World Mental Health Day, 2017

A friend of mine once told me that true vulnerability is revealing your troubles while you have them, and not after you’ve triumphed the storm. So here goes nothing:

It’s 12:25pm, and I’m barely mid-way through my Tuesday. Final exam is happening in 3 days. This lemon pepper tilapia and broccoli I made for lunch is delicious. I have an intense migraine that comes and goes in my left lobe, right above my ear. And I’ve already stress-eaten four chocolate chip Panera cookies. The past four hours of lecture came and went and destroyed my sense of hope that I’d have everything down by Friday 8am. I’m rambling and dismissing the need for proper transitions because my brain cannot handle creativity and misplaced effort at the moment. I got 3 hours of sleep last night.

Yesterday I spent a few evening hours working out, grocery shopping, and making dinner for the week (because I suppose I need to live and do basic human activities every now and then), but I felt guilty when I realized it was 12am and I had 4 more Powerpoint decks to review to stay on task. This morning at 10:22am I thought “it’s not humanly possible to learn all this information in just a few days.” At 11:01am, “maybe this just isn’t in the cards for me.” And for the last 1hr and 7min of the final presentation, I focused nothing on GI cancer pathology and everything on why I won’t be able to learn this and all the blasphemous things I wish I could I say to the universe that decided learning medicine at 23 years old meant sitting in a dark classroom, wishing you were anywhere else. Doing anything else. Not absorbing a damn thing. Tears literally on the verge of pouring down my face. In a classroom full of people.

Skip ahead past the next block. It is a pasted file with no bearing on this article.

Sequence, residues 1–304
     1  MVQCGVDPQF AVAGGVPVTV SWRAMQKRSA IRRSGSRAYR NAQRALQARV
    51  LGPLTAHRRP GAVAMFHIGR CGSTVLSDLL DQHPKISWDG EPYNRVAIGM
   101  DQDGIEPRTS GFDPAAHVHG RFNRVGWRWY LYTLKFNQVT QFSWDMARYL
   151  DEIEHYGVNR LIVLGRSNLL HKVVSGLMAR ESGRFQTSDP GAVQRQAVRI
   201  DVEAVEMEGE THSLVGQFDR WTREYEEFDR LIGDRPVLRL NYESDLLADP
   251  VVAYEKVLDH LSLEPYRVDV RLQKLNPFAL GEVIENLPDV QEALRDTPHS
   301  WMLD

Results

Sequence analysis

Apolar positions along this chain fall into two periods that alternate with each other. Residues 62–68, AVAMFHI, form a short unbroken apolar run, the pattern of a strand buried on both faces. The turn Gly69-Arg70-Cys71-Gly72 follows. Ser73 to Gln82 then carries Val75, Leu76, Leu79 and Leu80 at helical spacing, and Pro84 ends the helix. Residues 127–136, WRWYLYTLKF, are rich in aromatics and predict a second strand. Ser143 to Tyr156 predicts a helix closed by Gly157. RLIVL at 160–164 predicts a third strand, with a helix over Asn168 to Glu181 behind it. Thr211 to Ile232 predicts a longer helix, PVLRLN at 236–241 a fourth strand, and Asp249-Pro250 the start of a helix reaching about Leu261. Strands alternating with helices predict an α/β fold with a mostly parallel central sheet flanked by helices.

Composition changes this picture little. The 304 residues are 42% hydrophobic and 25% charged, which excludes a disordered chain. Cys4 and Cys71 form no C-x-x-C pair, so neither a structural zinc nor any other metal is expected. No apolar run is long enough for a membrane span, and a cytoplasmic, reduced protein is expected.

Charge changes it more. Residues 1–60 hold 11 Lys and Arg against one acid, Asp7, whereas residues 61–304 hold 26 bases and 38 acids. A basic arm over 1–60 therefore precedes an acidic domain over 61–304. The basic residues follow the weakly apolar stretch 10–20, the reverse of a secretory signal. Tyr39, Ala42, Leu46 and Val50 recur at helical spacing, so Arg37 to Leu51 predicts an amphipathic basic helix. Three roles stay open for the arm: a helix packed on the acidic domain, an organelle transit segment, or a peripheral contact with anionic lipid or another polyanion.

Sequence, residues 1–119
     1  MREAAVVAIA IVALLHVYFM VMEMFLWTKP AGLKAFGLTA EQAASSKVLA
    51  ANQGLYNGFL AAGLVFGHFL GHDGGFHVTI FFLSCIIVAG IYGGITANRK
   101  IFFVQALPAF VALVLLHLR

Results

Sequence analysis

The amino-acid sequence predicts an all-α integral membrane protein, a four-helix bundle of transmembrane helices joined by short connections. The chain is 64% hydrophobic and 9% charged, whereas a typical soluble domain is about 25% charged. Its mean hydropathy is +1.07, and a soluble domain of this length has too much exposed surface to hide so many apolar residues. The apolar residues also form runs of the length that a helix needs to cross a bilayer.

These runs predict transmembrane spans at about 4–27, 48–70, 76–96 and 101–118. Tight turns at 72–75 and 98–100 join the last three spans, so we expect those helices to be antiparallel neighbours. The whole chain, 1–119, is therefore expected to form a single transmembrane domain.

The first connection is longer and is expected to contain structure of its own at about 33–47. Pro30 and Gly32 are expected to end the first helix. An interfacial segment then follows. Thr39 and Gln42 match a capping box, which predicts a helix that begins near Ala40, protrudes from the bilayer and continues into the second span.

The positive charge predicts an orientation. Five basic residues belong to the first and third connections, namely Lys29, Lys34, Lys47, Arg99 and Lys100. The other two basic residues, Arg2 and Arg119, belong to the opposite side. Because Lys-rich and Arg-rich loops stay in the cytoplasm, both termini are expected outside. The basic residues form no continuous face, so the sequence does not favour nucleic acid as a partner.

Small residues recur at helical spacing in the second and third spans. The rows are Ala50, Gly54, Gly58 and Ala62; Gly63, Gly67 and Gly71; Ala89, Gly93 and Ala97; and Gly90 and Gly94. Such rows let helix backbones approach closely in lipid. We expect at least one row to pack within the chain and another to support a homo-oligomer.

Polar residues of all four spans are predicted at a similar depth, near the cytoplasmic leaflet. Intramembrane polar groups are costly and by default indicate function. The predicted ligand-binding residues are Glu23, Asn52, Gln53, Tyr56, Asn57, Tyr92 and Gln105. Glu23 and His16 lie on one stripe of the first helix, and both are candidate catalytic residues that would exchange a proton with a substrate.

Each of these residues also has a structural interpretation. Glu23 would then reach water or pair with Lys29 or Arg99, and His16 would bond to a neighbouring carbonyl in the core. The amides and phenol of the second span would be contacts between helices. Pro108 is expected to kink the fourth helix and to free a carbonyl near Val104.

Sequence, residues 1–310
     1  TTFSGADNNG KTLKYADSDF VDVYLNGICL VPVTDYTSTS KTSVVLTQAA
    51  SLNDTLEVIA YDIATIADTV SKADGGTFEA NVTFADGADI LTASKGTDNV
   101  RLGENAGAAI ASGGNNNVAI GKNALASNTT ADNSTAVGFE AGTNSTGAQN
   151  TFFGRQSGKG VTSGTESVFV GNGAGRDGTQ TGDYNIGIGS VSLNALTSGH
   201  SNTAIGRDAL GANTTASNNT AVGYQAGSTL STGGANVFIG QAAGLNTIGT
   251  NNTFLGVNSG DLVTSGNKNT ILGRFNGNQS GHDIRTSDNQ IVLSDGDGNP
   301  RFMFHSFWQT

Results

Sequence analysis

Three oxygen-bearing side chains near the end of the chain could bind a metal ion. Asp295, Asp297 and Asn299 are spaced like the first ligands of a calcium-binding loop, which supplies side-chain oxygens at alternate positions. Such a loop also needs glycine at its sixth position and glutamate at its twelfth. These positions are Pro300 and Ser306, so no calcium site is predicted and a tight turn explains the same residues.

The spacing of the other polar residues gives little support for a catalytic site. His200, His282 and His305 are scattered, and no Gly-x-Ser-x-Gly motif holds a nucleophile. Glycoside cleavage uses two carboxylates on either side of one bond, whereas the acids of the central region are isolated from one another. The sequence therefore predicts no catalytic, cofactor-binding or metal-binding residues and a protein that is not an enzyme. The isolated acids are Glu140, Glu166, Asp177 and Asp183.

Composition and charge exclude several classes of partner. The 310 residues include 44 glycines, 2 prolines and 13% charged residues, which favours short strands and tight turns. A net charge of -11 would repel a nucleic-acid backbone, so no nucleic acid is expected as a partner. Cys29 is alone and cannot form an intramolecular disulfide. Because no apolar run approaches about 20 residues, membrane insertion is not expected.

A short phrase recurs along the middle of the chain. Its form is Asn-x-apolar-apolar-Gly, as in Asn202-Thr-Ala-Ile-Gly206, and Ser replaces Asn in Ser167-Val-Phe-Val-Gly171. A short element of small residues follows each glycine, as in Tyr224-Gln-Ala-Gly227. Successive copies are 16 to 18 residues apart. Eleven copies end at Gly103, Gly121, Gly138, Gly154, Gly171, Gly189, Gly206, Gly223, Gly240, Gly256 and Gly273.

If you’re wondering how I’m doing (currently, in the moment, at this very second), that’s how I’m feeling. I’m upset, and exhausted, and empty, and sad, and worried, and just plain ol’ tired. I’d lie to you if I said I never considered dropping this whole thing and living off mommy and daddy for a little while. I don’t want your pity, or comfort, or sympathy. Writing this out is comfort enough—and a much more acceptable way to blow off steam than some other methods I’ve considered.

I’ll get through it. I’m sure I will. It’s been done before. The world keeps turning despite my breakdowns or breakthroughs. People continue to get sick. Physicianship will remain. My 2nd year will pass. My training will continue.

This isn’t to discourage anyone who has their eyes set on medicine. Fight the good fight and keep pushing until you get where you want (and need) to be. But if I am to be honest about the beautiful things I’ve experienced, so must I reveal the tragedy.

It’s now 12:47pm. I have another lecture at 1. My right eyelid has started twitching—a sign of stress. (Fun fact, my body is pretty in tune with my psychological state. It’s predictable– eye twitching, loss of appetite, chills, and abdominal discomfort are the ways my body tells me to take a chill pill and woosah).

12:57pm: I’m a bit relieved I’ll admit. Still stressed lol, but relieved. Next lecturer is preparing to start. Gotta go.

1pm: (lecturer hasn’t started yet, so I’m not being disrespectful but: ) I was going to title this post “Vulnerability” until I went on Twitter (shout out to my daily news source) and learned that today is World Mental Health Day. Would you look at that. I hear you, God.

 

P.S. A necessary reminder, courtesy of my Twitter timeline:

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P.S.S: In the world of social media and the world wide web, everyone wants to convince you that shit is sweet. Well sometimes, it’s not. Sometimes shit is…shitty. And that’s okay too.

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